Will hot tea cool you down on a hot day?

I’m sure I wasn’t the only one reading this NPR nugget.

Unsurprisingly, all of the user comments on NPR call the article “a load of old rubbish”. The internets yield conflicting reports, but I did track down a scientific study (that’s got a bit too much jargon for me to read through). Here’s their conclusion:

Well that certainly doesn’t sound definitive… So what’s the real answer?

Not all the comments called the NPR report rubbish. Re-read fennic’s comment, and also JahJackson. It does appear that NPR’s reasoning was incomplete, but the conclusion was correct.

Speaking from experience, ice water does a better job of cooling me down than a hot drink would. I don’t need a hot drink (as the article suggests) to start sweating on a hot day.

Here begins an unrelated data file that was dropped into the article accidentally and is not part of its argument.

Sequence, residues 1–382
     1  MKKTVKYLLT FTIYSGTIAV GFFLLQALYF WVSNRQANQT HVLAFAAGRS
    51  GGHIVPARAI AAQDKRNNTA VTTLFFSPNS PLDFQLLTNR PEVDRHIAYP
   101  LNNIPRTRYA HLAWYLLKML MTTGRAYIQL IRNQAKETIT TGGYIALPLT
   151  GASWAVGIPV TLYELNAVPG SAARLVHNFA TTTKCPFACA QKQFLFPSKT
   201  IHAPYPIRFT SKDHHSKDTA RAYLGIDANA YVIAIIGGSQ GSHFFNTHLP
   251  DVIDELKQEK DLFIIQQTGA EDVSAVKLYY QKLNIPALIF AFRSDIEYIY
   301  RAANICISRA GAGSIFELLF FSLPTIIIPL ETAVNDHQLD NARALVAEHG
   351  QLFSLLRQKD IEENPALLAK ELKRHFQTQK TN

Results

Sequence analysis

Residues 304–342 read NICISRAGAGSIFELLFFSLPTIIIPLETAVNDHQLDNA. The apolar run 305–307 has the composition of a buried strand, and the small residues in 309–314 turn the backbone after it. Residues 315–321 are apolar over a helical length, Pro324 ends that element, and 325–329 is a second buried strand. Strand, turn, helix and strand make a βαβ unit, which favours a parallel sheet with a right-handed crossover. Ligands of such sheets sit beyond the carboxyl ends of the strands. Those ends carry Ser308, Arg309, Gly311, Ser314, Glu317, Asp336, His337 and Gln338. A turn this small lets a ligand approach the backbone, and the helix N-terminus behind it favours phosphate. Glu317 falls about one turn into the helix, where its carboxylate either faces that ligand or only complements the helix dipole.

Google hit on this little bit of info on the subject.

How many places is that applicable? Just about anytime you see someone hot, they are covered in sweat (outside of a dessert). That means their sweat is not evaporating effectively. More sweat won’t help them cool off more.

This is like saying “ignoring air resistance and gravity, my system works great!”

I don’t really listen to NPR for science stories, btw. Not only should I drink hot tea on a hot day, but I should do it in brutal, stagnant air.